Student Engagement and Closing the Opportunity Gap: An Action Plan, Part 2 - Reading By... - 31 views
Student Engagement and Closing the Opportunity Gap: An Action Plan, Part 1 - Reading By... - 62 views
Student Engagement Still Low in U.S. Schools - 67 views
This informational text piece lends itself to having students create an associative letter project versus a traditional report. In an associative letter project, students are assigned a letter that they must use to find words representing the text they’ve just read. For example, “R is for the Montgomery Bus Boycott” might lead a student to choose words like race, rights, or Rosa as the focus of a variety of paragraphs that describe the Montgomery Bus Boycott.
By providing students with meaningful, thought-provoking experiences, you can turn informational text study into an exercise in creative and critical thinking!
Informational text isn’t going to bring about the death of creativity; rather, creativity depends upon what we ask students to do with the text once they’ve read it. If we ask students to read a non-fiction passage then fill out a worksheet about the passage, we are missing a chance to provide our students with an opportunity to create imaginative, artistic end products demonstrating critical thinking skills hard at work.
- ...1 more annotation...
Exemplar Informational Text: Freedom Walkers, the Story of the Montgomery Bus Boycott, by Russell Freedman
Creative Thinking Approach: Associative Letter Project
In Freedom Walkers,
Most schools will say that they want students to have an understanding of their world as a whole, but they seldom look at topics with an interdisciplinary focus. Why? It is easy to find reasons why this disjointed approach to learning happens:
· Some argue that there is so much content and so many skills to be learned
in each discipline that they don’t have time to integrate subjects.
· Others say that the each discipline has a body of knowledge and skills that
should stand on its own and not be muddied by the intrusion of other disciplines.
· Secondary educators say that there is insufficient common planning time
to combine their efforts to teach an interdisciplinary course.
· Still others say that the whole system is geared toward separate subjects
and to break out of this would require a monumental effort.
· Others are guided by “the tests,” which are presented by separate disciplines.
The ultimate goal for the study of any subject is to develop a deeper understanding of its content and skills so that students can engage in higher-level thinking and higher- level application of its principles. When students dig deeper and understand content across several disciplines, they will be better equipped to engage in substantive discussion and application of the topic. They will also be better able to see relationships across disciplines.
They organize students into interdisciplinary teams and coordinate lessons so that what happens in math, science, language arts, and social studies all tie to a common theme. Many times these teachers team-teach during larger blocks of time. Advocates of this more holistic approach to curriculum argue that it helps students:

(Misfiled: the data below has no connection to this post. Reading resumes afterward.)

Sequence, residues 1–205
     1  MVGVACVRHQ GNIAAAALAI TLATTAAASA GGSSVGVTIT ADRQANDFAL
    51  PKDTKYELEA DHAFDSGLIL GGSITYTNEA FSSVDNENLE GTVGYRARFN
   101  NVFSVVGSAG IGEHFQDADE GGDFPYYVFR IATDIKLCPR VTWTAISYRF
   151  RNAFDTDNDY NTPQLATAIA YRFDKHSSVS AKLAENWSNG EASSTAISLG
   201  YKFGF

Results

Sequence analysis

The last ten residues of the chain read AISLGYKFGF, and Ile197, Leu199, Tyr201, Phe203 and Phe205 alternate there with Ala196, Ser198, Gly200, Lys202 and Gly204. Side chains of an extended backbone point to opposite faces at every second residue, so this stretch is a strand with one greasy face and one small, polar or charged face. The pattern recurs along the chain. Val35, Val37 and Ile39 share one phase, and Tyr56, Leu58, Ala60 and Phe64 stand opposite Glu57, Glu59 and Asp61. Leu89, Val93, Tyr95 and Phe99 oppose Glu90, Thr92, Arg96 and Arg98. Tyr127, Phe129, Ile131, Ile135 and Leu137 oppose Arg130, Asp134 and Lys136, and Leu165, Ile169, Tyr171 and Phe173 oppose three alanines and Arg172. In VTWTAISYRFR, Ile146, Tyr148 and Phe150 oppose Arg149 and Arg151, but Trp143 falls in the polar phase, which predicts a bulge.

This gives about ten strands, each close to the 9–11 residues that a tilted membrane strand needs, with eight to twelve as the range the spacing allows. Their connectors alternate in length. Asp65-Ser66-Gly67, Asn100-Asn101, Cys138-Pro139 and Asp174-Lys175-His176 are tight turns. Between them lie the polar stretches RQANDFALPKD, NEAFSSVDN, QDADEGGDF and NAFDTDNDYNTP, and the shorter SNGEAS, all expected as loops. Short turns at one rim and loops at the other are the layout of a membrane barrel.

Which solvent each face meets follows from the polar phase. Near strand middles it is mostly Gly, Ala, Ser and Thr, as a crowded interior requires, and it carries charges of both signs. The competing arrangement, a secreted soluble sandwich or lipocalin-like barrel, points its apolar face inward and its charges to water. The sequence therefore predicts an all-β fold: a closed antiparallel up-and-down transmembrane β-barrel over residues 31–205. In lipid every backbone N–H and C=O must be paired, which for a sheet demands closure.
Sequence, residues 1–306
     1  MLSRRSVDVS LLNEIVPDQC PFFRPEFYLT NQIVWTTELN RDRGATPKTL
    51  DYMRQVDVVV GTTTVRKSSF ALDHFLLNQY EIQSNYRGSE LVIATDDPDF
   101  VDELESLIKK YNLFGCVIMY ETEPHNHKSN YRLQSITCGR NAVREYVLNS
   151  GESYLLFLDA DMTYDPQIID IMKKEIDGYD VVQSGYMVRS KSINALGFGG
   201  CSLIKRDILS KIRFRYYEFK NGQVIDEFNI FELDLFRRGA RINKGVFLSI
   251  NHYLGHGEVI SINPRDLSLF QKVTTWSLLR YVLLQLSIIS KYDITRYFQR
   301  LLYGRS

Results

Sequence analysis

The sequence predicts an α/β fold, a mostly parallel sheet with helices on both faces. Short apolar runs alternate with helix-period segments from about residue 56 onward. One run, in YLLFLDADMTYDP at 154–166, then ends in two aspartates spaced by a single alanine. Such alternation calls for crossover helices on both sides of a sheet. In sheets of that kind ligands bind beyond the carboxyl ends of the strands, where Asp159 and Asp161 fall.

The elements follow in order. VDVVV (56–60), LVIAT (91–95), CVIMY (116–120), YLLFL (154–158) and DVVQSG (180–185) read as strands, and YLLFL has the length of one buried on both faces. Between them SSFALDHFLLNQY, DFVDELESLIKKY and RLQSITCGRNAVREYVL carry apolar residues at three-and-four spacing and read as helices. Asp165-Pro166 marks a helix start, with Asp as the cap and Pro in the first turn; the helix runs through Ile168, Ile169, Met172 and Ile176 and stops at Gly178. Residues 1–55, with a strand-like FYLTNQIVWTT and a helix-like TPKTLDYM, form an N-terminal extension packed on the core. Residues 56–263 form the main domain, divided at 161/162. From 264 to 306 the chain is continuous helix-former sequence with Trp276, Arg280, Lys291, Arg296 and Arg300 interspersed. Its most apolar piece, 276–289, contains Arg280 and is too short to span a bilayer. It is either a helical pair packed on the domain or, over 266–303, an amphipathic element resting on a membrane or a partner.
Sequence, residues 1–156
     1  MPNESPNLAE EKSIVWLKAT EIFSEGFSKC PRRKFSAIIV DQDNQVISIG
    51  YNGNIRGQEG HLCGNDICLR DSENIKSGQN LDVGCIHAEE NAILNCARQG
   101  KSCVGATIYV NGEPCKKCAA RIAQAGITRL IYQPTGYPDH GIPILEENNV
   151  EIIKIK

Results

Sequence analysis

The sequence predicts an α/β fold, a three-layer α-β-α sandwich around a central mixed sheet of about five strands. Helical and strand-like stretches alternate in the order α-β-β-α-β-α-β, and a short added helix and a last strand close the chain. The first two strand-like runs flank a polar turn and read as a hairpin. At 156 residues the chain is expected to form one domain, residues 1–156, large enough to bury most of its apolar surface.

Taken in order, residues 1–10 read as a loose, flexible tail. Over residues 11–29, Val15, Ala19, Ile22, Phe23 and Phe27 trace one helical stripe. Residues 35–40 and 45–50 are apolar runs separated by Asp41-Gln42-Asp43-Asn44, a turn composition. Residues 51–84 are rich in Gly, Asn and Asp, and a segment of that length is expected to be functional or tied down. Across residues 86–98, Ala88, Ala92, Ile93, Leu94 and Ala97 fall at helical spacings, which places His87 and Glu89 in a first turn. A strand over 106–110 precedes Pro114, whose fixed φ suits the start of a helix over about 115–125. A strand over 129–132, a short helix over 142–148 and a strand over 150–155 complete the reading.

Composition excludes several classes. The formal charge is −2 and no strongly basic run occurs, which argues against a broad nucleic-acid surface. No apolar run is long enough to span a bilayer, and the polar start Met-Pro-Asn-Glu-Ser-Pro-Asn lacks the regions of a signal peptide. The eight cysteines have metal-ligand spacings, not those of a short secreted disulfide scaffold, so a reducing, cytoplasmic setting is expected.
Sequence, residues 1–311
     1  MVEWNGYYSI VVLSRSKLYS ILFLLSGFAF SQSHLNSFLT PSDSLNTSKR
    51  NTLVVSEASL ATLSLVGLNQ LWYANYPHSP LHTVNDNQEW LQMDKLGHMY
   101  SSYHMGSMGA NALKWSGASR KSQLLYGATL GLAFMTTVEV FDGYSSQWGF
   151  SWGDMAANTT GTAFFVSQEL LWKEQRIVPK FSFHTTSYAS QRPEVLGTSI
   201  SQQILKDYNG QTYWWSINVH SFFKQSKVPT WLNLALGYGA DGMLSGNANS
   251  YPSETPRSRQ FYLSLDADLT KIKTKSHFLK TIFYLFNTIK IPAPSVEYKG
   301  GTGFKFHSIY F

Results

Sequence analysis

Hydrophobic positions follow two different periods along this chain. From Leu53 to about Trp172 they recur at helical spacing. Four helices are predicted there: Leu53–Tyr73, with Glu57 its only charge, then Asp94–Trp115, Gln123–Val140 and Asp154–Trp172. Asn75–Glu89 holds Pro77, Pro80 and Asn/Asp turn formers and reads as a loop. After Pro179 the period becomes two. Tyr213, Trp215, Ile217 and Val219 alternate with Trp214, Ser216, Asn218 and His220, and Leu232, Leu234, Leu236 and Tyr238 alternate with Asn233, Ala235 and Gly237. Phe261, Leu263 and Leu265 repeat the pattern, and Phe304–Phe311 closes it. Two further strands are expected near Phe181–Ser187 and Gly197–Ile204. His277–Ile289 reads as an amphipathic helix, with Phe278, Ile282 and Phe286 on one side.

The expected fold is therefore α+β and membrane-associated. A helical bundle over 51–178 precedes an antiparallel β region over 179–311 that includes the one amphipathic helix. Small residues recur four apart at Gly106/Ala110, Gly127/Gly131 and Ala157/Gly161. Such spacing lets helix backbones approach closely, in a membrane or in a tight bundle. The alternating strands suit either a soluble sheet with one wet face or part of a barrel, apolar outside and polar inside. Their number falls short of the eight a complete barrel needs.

- ...2 more annotations...
Of course, digging deeper doesn’t fit well in the time frame that most schools use. It takes time to link content across several disciplines, and it may be difficult to squeeze a learning activity into a 40-minute period. To change the method of learning will mean changing more than the curricula. The school structure, including the schedule and methodology will also need to change.
To prepare our students for an integrated world, we need to break out of the separate-discipline mentality and develop more holistic and problem/project-based approaches. Many have tried to do this, and it isn’t easy.
Reflect & Refine: Building a Learning Community: Advancing Learning Journeys: Digital S... - 21 views
Sustaining Engagement: One School's Attempt to Develop Lifelong Readers - The Stenhouse... - 51 views
When students use tool technologies to create content, their engagement is largely based on how successfully teachers craft the learning assignments, rather than on the technology itself. This is different from what happens with other types of technologies, such as tutor technologies (e.g. software for learning). Here, student engagement depends principally on technology, taking teachers almost completely out of the equation.
The Myths of Technology Series – “Technology equals engagement”
As educators, we have to be able to differentiate between “novelty” and “engagement”; they often look the same at the beginning, but one will quickly fade.
Compliance – Do this because I told you.
Engagement – Do this because you are excited.
Empowerment – Do this because you have the power to do something meaningful for yourself.
- ...1 more annotation...
engagement” should not be the highest bar we set for our students. If we can develop meaningful learning opportunities that empower our students to make a difference, our impact will go beyond their time they spent in our classrooms. Technology alone will never provide this. We need great educators that think differently about the opportunities we now have in our world and will take advantage of what we have in front of us, and help to create these experiences for our students to do something powerful.